Ammonia Molecules 63c809ea454f3

Aluminum-Doped Catalyst Cuts Haber-Bosch Costs

Jan. 18, 2023
The metal-nitride catalyst is stable in the presence of moisture

Researchers from Japan and China have developed a new catalyst that could be used as an inexpensive option to reduce the carbon footprint of the Haber-Bosch ammonia manufacturing process.

According to a report in a recent Angewandte Chemie, it consists of a metal nitride catalyst containing an active metal — nickel — on a lanthanum nitride (LaN) support that is stable in the presence of moisture.

Nitride-based catalysts containing active metal nanoparticles such as nickel (Ni) and cobalt (Co) have long been investigated as ways to allow the Haber-Bosch process to proceed under milder conditions. However, the presence of moisture during the reaction causes rapid catalyst degradation.

What the team based at Tokyo Tech, Japan, has done is dope aluminum atoms into the LaN structure and then synthesized a chemically stable La3AlN support containing La-Al bonds. It is these bonds that prevent lanthanum atoms from reacting with moisture.

The new La-Al-N support together with active metals such as nickel and cobalt (Ni, Co) was able to produce NH3 at rates similar to that with conventional metal nitride catalysts and could maintain a stable production when fed with nitrogen gas containing moisture. The Ni- or Co-loaded La-Al-N catalysts showed no distinct degradation following exposure to 3.5% moisture.

Another advantage is the catalyst doesn’t contain ruthenium and as such presents an inexpensive option for reducing the carbon footprint of ammonia production.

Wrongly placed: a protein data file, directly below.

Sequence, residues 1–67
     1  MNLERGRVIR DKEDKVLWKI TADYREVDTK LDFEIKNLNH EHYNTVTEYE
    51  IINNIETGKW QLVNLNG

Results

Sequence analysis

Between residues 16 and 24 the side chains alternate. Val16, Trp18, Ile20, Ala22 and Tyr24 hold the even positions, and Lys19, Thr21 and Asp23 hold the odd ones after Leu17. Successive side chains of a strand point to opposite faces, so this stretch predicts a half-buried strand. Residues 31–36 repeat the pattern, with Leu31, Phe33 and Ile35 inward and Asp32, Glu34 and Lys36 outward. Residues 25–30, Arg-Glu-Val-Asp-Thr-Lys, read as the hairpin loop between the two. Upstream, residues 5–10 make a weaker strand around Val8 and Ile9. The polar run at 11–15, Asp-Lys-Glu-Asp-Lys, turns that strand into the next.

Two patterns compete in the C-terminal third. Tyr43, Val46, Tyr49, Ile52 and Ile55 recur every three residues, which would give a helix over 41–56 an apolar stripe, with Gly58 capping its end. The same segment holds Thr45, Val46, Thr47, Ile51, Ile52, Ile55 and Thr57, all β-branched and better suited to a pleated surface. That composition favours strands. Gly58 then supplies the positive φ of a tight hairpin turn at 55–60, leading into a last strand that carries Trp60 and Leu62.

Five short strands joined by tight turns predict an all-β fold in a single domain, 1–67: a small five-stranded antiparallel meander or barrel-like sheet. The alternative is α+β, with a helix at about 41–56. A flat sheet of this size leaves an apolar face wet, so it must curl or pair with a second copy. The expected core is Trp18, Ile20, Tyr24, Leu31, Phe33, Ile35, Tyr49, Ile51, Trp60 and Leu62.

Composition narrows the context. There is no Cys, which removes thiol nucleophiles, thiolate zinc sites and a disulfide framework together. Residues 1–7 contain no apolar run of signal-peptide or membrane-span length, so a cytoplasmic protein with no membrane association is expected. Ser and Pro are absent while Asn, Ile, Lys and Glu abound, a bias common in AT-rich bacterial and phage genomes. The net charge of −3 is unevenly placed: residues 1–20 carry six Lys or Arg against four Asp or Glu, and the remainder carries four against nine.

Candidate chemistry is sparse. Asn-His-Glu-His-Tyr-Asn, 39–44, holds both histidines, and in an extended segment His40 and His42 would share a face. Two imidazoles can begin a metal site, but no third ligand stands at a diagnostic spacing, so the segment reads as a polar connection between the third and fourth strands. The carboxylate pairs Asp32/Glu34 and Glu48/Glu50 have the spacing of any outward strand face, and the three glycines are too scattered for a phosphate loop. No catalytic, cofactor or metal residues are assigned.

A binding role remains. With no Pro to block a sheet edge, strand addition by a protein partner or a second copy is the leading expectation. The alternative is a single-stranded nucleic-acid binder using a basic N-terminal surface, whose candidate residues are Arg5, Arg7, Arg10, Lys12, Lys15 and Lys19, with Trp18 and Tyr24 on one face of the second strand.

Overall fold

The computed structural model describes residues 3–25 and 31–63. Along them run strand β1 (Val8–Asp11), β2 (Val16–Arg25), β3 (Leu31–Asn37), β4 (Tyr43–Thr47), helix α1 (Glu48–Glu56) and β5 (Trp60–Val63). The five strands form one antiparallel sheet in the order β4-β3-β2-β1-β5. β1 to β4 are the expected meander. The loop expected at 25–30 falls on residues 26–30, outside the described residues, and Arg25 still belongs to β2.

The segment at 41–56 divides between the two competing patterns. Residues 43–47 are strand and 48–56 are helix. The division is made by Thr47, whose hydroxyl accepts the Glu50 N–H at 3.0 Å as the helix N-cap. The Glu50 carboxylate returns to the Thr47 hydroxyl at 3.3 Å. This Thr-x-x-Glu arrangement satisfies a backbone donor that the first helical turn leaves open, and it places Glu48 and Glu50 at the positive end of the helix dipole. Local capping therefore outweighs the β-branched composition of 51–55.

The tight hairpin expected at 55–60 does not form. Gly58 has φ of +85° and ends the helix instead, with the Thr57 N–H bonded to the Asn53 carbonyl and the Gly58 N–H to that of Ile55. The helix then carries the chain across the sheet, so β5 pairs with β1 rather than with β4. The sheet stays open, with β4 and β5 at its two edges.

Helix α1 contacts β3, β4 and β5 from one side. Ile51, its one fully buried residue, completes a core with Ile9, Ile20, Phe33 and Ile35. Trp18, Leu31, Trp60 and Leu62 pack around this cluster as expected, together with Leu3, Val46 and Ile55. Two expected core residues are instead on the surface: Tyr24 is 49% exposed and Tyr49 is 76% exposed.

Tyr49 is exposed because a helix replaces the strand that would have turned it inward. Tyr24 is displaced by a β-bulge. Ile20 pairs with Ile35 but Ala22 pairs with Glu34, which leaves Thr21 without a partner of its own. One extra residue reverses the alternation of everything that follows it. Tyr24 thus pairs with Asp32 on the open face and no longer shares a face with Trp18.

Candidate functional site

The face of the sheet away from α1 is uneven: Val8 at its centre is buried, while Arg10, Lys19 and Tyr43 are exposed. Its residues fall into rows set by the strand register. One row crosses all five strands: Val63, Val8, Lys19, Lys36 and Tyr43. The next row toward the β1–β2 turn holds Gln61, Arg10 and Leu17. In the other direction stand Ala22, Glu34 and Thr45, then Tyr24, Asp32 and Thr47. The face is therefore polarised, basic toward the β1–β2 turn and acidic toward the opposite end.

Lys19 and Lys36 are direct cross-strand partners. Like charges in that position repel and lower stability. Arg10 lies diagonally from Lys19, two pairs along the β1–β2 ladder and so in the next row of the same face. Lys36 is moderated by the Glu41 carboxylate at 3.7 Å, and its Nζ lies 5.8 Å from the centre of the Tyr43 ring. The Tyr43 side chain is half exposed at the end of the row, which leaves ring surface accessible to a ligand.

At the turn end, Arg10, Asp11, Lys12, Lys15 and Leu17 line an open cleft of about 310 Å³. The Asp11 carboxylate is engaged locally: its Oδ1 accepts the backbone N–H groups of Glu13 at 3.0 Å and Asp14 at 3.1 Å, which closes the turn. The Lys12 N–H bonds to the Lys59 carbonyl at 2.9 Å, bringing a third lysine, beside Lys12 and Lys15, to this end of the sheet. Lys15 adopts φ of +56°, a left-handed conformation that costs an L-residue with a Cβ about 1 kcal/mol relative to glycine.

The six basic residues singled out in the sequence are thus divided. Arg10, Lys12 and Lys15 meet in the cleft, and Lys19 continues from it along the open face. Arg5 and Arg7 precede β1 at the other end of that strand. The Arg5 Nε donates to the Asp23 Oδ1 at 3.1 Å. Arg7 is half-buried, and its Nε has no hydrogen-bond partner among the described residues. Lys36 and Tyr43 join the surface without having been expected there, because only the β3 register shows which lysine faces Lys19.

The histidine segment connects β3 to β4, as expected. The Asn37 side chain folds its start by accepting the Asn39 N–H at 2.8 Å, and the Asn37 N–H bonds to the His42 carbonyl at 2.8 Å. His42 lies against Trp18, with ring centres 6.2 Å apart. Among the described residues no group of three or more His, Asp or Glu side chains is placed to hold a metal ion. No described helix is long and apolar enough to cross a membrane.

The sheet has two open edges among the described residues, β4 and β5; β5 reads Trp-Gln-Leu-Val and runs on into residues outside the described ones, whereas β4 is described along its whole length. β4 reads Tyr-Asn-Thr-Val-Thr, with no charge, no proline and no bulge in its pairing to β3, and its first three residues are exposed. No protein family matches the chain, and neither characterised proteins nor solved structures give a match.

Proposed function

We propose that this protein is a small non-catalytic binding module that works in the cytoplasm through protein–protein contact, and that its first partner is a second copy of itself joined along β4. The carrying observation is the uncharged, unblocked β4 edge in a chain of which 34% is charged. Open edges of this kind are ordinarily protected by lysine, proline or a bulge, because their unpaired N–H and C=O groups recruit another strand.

One issue that needs to be overcome with the new catalyst, however, is that preparing La-Al-N requires a relatively complicated material synthesis process.

“We first melt La, Al and LaN and then need to anneal the products at 850°C for one week. In addition, the annealing process needs to be progressed in an inert atmosphere or vacuum,” says Yangfan Lu, study co-author and professor with the College of Materials Science and Engineering, National Engineering Research Center for Magnesium Alloys, Chongqing University, Chongqing, China.

One option, trialing alternative rare-earth elements, is not on the table at the moment. “We believe developing a facile synthesis technique is more important than exploring different rare-earth elements,” explains Lu.

“So, while this step is still in the R&D stage it is unlikely to be immediately applied to industry. Instead, our previously studied systems, such as Ru/C12A7:e‒ [a catalytic promoter], which show high catalytic activity for ammonia synthesis, and which can be prepared by an easier method, are considered more suitable for industrial applications at this stage,” he concludes.

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Chemical Processing Staff

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